Wednesday, February 15, 2012

Ethiopian immigrants graduate journalism course - Globes

Agenda Center CEO Anat Saragusti: They have a social responsibility to serve as role models for their community.

14 February 12 12:44, Roy Barak
A journalism and communications course for young Israelis from the Ethiopian community recently came to an end at Agenda Israeli Center for Strategic Communications. 14 students, all of whom hold a Bachelor's degree, participated in the course in which they learned the basics of journalism: how to identify a good story, how to structure it, how to write headlines, and how to write news items. The course participants also learned how to prepare TV reports, edit interviews, investigate leads, report from the field, narration, and finally, editing the entire report. Ten students graduated from the course.

The philosophy behind the course was that the Ethiopians who will work in the media in Israel can present the Ethiopian community in a way that does not just show misery, injustice and racism, but helps to integrate the entire Ethiopian immigrant community into Israeli society.

"The aim of the course is to integrate the participants as journalists in work in media, so that they can generate the news themselves," explains Agenda CEO Anat Saragusti, who is also the field expert and director of the television studies courses. "They have a social responsibility to serve as role models for their community, and also to be role models for the rest of the Israeli community for them to see that there are people of Ethiopian origin who are TV news presenters, and not because they aren't being let into clubs or because people are not selling apartments to them, or because a husband murdered his wife. They need to try to break this stereotype."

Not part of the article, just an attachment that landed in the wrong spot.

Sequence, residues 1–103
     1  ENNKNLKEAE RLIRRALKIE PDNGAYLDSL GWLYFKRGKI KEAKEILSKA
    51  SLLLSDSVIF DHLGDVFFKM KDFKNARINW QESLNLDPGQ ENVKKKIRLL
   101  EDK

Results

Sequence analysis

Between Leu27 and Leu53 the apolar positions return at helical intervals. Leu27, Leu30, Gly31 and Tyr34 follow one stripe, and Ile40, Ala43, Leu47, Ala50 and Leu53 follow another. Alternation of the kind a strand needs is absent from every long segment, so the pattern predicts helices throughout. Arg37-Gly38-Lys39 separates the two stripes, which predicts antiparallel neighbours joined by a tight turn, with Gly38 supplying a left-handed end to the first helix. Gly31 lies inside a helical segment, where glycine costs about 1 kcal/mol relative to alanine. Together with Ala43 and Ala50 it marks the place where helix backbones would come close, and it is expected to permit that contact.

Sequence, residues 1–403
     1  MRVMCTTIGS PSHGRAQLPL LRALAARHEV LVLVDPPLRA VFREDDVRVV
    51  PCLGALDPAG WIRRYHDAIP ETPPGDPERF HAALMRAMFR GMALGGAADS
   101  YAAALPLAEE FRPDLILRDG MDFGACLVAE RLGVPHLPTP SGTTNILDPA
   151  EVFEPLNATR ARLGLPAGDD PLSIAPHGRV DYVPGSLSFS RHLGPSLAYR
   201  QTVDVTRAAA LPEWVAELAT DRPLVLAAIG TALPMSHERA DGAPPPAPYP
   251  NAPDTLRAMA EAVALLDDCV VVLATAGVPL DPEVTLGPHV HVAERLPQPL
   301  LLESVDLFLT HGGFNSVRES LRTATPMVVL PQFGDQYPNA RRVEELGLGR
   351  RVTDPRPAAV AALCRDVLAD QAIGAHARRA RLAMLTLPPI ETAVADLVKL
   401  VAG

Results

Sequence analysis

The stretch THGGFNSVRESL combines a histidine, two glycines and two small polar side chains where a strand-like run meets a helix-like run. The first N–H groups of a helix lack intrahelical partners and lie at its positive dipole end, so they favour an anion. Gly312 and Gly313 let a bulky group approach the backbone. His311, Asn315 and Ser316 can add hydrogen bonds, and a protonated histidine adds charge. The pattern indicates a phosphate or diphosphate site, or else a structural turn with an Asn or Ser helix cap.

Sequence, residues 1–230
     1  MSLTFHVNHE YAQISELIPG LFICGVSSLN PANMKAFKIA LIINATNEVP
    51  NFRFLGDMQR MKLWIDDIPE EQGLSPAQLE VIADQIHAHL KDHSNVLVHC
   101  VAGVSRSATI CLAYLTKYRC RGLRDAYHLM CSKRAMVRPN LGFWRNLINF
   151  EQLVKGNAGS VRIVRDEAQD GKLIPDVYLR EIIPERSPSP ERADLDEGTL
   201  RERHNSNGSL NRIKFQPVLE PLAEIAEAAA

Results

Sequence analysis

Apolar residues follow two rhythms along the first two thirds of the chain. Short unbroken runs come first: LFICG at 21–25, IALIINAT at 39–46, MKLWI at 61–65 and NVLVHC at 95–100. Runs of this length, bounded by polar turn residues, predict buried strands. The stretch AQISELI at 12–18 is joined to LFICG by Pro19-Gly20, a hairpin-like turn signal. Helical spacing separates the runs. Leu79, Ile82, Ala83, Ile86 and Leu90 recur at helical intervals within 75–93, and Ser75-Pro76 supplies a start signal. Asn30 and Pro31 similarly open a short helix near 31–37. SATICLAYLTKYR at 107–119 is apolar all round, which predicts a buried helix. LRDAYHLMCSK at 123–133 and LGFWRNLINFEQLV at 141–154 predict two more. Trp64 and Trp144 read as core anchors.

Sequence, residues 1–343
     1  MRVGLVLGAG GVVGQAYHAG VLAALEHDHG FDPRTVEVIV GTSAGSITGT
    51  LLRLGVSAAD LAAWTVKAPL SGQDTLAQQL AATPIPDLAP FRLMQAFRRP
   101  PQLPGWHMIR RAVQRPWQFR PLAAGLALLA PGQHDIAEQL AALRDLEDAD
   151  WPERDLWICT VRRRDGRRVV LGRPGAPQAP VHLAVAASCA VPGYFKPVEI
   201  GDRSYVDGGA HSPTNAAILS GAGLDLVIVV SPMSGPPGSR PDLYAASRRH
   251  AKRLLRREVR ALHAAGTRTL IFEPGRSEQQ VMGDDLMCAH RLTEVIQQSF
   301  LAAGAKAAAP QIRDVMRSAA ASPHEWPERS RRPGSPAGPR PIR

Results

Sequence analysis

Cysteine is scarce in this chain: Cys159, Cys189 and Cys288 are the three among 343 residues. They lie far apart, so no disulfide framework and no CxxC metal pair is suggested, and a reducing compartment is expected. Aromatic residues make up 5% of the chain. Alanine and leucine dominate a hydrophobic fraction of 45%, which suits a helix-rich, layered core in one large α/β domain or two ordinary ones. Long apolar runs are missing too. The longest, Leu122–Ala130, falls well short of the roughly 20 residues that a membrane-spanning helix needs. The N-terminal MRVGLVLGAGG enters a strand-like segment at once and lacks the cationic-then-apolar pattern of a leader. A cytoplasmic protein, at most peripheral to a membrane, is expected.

False coverage

"My initial motivation in choosing to study journalism was actually not from a sense of having a mission," says Yisraela Tadela, who was born in Israel in 1985, a year after her parents immigrated to Israel. "From the beginning, I felt a desire to write and to influence. I wanted those around me to hear me and my ideas about journalism, which I think are different than those currently being voiced."

"I decided to participate in the course as a result of encouragement from Brahenu Taganya from Channel 2. He really pushed me," Tziona Deseta says, who was brought to Israel as a one-month-old baby in 1983. Deseta currently works for the Ethiopian TV station.

"When I go out to gather information for articles, I feel like I am working from a sense of love for the profession. But I have a hard time since I don't speak Amharic well," Deseta says. "My place is in the Israeli, Hebrew language media."

Despite her desire to move over to the Israeli mainstream, high-rating media, Deseta describes significant differences in coverage styles from her colleagues at the broadcasting stations. "When I watch sequences on other channels that cover the same subject matter, I can't help but see how different they are from what I edit and film."

130,000 Israelis are of Ethiopian origin are currently living in Israel. About 5,000 of them have academic degrees, and the number of those who work in journalism can be counted on two hands.

Published by Globes [online], Israel business news - - on February 14, 2012

© Copyright of Globes Publisher Itonut (1983) Ltd. 201

Wednesday, February 8, 2012

Ethiopia PM says may pardon jailed politicians, journalists | Reuters